RYG: What does it take to be a world class opera singer?

GG: If you talk to most opera singers, they'll say opera singing and sports are very closely related. For one you have to be an athlete. You're using muscles in your body. You need to train and work them every day, in the same way that a runner or a boxer gets up every day to do their road work. If you don't do that you're not going to be 100% when you get in the ring.

If you don't vocalise, train and study every day, you're not going to go out on stage feeling 100%. When you've done a show and you come off, you feel as if you've just come out of the ring. You're shattered. When all the adrenaline's gone, you feel as if you've just done six rounds.

RYG: What sort of training do you have to do as a professional opera singer?

GG: I've always maintained flexibility through stretching. I swim and I run when I can. Having been a boxer, running's not my favourite thing. I've probably run round the planet three times (laughs).

I've just started yoga. Now I've got time to do a bit more physical work, I find yoga's one of the best exercises I've done. The form that I do is very physical. It works on flexibility and strength. It also focuses on the breathing side of things, which helps me with my singing.

RYG: What have been the highlights of your sporting and singing careers?

GG: The highlight of my sporting career was getting my black belt in Tai Kwon Do. I wasted an education, so I came out of school with nothing. I got my black belt in the quickest time that anybody had ever done it in England. That was the first time I had ever been proud of myself, without wanting to sound arrogant in any way. Within six months I'd made it into the England squad to fight at the World Championships.

With singing, the biggest thing was actually my first professional gig. I was performing Tosca for a provincial company that toured around England playing at provincial theatres. I've done bigger things since but nothing will ever better the very first time I got a professional gig.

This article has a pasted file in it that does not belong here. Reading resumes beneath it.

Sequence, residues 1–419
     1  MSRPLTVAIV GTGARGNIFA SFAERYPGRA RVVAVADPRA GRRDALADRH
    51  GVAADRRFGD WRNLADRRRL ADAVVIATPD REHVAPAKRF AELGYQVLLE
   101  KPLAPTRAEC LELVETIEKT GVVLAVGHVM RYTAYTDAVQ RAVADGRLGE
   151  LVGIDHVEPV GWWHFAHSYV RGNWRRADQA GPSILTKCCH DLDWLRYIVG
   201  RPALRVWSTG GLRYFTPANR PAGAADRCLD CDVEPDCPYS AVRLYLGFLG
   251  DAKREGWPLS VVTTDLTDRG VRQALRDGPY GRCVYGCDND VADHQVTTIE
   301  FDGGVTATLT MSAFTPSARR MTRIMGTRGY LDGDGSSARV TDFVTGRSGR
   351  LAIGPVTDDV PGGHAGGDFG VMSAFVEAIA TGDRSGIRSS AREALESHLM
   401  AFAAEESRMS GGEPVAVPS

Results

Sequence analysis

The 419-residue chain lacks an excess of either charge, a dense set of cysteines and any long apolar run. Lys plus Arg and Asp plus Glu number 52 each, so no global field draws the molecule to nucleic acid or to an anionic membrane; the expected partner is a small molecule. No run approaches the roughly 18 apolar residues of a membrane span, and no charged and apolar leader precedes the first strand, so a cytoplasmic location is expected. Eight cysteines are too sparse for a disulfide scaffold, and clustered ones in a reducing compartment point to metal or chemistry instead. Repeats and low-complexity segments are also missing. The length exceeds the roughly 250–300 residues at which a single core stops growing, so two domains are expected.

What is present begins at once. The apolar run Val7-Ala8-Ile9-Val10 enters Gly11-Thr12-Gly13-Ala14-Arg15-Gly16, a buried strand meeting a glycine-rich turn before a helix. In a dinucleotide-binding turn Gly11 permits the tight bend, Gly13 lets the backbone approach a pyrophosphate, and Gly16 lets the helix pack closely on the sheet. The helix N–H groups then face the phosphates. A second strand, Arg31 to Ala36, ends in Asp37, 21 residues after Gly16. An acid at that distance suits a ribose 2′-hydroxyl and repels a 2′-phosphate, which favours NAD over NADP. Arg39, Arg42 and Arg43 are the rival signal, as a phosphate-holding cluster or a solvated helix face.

RYG: And the lowlights?

GG: With regards to sport, I've got to say, I'm a bad loser. I've got two girls and I'm a bit of a hypocrite because I have to tell them not to be bad losers. Anytime I have lost, whether it's a football or boxing match, or a Tai Kwon Do fight, they would all be low moments. Sport's been such a great gift in my life, that I haven't really had too many lows. The only ones I can think of would be when I've lost.

Within my singing career, the only lows I've had have been when my health hasn't been good. Once I had a chest infection so I couldn't sing. I couldn't even vocalise for a couple of days. That was a very low moment for me, because singing is what I love to do.

RYG: What advice would you give to youngsters looking to raise their game?

GG: Something's only worth going into if you give every bit of yourself to it. If you're honest with yourself and work hard, there isn't anything you can't do.

interview by Colin Jackson